Saturday, June 1, 2013

Fort Worth Tradition

Cause good memories don’t fade so easy
Does Fort Worth ever cross your mind – from the words of a great song from George Strait

And Fort Worth's such a wonderful town to disappear into
On the muscle of my arm there's a red and blue tattoo
Says, Fort Worth I love you – and more lyrics, these from Michael Martin Murphy

Don’t ya love this Texas town? Embracing its roughneck history, Fort Worth preserved the brick streets and notorious buildings in The Stockyards while also promoting the fine arts in the renowned museums and performance halls. Downtown has a vibrant and safe environment for nightlife.  Classic restaurants, such as Joe T.’s and Riscky’s, have survived the tests of time and long established neighborhoods and parks coexist comfortably with the inevitable new. My true Texan husband was born here. Our aunts, uncles and cousins have called this laid back city home.

Something deep in my brain likes semblance of order and tradition.  It gives me balance, connection to the past and hope for the future.  A great experience in the regular Fort Worth calendar is The Colonial, the yearly local PGA tournament.  Throughout our years of living in the DFW area Darrell and I have attended the golf festivities several times and this year once again lived up to our highest expectations.  Many in the crowd, I suspect, are weekend golfers coming to the show of their pro heroes.  They are thinking or wishing, “I could do that”, as they watch great shots as well as mega flubs.  Some are just there because their parents brought them to enjoy the outdoors (or didn’t get a babysitter):  little ones in parents’ arms or toted in strollers.  Others are there to accompany family who has golf interests:  women in their lawn chairs reading books and drinking wine.  Some are there to work in concessions raising money for special groups:  Nolan Catholic booster club, Arlington High Orchestra, Knights of Columbus, etc.  Others are there to earn their pay in sports related jobs:  Randy Galloway, Landry Locker,etc. I found myself there in an imaginary field trip (the teacher/student life does not really leave you when you retire) where lessons were evident demonstrating math, science, history, literature, sociology, logistics, marketing, psychology and fashion. Ah, what a great setting to be schooled!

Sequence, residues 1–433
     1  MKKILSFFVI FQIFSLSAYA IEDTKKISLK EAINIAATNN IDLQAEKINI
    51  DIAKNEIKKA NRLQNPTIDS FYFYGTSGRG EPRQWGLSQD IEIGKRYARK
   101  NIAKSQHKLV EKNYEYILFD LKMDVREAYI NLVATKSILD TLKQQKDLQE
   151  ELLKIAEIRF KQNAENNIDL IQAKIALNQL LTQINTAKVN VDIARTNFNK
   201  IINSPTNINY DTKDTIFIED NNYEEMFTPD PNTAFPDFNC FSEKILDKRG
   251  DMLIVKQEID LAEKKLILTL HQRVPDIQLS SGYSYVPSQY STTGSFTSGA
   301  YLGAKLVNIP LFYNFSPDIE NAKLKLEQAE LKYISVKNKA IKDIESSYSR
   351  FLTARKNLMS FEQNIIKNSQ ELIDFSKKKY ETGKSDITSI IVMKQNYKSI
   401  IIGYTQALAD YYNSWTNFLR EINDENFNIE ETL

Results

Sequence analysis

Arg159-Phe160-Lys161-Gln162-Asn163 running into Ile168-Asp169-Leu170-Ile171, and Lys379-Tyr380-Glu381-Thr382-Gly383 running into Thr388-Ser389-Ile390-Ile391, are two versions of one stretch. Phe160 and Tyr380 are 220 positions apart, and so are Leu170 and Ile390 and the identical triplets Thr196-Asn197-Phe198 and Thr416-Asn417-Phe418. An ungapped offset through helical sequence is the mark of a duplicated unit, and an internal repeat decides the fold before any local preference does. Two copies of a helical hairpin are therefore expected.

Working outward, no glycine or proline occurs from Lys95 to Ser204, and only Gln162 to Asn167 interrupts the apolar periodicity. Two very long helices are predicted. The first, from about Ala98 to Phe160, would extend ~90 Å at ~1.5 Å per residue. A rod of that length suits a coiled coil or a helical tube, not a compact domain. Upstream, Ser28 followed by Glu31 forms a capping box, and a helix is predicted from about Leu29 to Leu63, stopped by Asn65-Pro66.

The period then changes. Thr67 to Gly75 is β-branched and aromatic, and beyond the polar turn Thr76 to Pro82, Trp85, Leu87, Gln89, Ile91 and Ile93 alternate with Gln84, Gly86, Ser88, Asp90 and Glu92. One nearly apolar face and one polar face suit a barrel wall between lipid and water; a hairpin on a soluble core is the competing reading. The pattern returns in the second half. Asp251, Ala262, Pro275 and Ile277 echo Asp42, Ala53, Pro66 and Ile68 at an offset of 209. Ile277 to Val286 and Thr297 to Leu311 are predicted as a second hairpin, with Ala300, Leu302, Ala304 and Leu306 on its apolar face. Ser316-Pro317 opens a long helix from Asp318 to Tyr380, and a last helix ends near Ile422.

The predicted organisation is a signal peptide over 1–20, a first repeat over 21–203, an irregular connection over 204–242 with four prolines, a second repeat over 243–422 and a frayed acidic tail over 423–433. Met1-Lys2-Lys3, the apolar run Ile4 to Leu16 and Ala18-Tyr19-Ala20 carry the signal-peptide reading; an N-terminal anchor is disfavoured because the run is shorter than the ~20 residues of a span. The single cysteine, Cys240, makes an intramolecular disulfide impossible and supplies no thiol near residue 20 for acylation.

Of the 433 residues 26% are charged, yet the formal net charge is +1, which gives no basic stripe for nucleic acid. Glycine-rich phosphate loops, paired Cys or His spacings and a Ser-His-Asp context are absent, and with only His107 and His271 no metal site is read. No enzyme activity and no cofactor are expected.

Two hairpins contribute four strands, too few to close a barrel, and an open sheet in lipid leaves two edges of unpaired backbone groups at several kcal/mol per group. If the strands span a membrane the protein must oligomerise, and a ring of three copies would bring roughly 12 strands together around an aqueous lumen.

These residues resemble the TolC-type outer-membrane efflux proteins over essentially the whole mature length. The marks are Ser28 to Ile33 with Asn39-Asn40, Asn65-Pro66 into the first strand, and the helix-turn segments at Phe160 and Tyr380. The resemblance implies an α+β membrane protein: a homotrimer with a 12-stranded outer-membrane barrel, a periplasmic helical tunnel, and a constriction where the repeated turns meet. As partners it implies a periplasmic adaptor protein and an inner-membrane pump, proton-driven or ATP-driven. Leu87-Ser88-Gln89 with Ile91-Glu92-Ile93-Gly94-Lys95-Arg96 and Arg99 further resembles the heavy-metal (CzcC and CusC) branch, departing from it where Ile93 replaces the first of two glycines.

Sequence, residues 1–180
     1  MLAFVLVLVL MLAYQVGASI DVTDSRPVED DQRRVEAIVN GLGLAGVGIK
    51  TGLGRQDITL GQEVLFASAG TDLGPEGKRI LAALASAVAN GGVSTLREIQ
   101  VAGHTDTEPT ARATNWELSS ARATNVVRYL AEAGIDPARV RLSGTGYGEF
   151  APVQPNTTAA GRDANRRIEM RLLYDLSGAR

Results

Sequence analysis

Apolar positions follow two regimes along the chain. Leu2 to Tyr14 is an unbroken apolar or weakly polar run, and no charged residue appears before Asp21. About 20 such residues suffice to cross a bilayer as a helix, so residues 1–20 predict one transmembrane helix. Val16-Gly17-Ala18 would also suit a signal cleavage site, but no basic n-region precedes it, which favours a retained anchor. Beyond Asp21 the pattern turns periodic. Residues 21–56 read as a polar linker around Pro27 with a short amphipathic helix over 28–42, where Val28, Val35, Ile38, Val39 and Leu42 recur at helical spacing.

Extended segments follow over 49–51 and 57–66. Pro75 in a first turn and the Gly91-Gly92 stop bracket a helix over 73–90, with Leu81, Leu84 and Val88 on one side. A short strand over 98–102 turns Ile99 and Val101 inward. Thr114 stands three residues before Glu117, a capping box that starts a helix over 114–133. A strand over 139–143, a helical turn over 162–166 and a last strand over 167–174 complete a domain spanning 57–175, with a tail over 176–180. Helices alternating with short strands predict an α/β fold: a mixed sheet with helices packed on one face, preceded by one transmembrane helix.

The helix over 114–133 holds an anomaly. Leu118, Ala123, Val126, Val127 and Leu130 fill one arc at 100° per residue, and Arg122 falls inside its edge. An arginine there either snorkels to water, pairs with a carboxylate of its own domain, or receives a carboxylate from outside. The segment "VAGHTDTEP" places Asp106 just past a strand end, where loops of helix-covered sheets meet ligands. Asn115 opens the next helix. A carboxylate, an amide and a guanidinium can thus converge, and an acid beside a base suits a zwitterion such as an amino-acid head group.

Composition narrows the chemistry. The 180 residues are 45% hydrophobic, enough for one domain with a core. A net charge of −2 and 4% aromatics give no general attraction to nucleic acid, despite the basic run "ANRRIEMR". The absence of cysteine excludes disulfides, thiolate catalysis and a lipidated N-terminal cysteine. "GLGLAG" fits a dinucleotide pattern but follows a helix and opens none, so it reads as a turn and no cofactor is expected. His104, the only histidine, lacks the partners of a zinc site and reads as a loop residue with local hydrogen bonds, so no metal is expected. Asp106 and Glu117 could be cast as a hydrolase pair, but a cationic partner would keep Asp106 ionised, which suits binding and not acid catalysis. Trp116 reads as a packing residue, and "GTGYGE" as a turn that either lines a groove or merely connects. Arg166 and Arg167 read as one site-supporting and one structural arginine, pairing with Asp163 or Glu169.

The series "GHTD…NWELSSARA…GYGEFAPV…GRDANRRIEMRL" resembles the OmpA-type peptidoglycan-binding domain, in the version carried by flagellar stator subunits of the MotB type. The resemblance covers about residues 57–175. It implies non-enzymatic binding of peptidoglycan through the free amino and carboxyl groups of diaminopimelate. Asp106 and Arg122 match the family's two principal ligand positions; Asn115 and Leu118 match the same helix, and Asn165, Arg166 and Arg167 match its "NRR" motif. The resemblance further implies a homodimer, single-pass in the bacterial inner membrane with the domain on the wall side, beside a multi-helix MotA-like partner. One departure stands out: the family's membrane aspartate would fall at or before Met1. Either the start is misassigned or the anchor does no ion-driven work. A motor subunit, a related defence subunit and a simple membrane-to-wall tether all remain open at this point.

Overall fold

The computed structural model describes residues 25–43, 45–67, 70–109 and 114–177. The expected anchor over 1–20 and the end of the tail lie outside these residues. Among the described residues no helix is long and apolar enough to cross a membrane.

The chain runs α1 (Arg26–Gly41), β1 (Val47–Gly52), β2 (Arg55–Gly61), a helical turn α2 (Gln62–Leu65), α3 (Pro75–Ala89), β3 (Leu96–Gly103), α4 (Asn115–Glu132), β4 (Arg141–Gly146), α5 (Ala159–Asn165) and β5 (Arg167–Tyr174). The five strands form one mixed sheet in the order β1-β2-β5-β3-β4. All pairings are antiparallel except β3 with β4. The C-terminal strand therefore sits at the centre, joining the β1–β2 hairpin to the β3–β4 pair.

Those who know me know I am definitely NOT a golfer!  I took lessons along with my friend Cassandra with the goal of playing with my husband and sons.  This never lead to a full round of golf, though I tried.  Something lacking in my brain, hand, eye, body coordination!  Darrell and I did recently participate as guests of our friends, The Leases, in a charity golf tournament for GRACE.  It was a fun night at Grapevine Golf Course with BBQ dinner, Lexus Lemonade and glow in the dark balls.  It was a scramble and my shots were never used in the team score.  Farewell greetings ended the night with, “Darrell, you are a good golfer!  And Susan, you are a good sport!”

Now, back to the Colonial:  Thursday is the first day of qualifying where all the registered players are hopeful of a good showing.  The scene is being set, the characters introduced.  Many names are recognizable – VJ Singh, Justin Leonard, Davis Love III, Rory Sabbatini, Zach Johnson – and some clothing is recognizable – John Daly in wacky chevron plaid, Rickie Fowler in his Puma neon brights.
You might even speculate that Daly’s girlfriend was hopeful of a long term relationship – her shorty shorts matched the wild fabric of his trousers (fashion statement/commitment?). The contestants are playing out some of the classic themes of literature, man vs. nature as they battle the wind, the trees and the lie of the land, man vs. self as they manage their game within the environment knowing their own past strengths and weaknesses. Viewing from the shade trees bordering #1 fairway and then later from #9, we kept cool with sheltering breezes and enjoyed the unfolding stories.  Local Colleyville man, Ryan Palmer, ended the day in the lead.